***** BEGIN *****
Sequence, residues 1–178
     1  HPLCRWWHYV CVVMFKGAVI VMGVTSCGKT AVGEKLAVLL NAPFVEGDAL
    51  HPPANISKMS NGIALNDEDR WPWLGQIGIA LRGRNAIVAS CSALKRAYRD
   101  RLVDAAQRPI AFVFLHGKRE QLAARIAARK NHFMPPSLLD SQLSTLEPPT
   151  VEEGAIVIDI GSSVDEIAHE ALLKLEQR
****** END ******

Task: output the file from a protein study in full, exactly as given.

Sequence, residues 1–178
     1  HPLCRWWHYV CVVMFKGAVI VMGVTSCGKT AVGEKLAVLL NAPFVEGDAL
    51  HPPANISKMS NGIALNDEDR WPWLGQIGIA LRGRNAIVAS CSALKRAYRD
   101  RLVDAAQRPI AFVFLHGKRE QLAARIAARK NHFMPPSLLD SQLSTLEPPT
   151  VEEGAIVIDI GSSVDEIAHE ALLKLEQR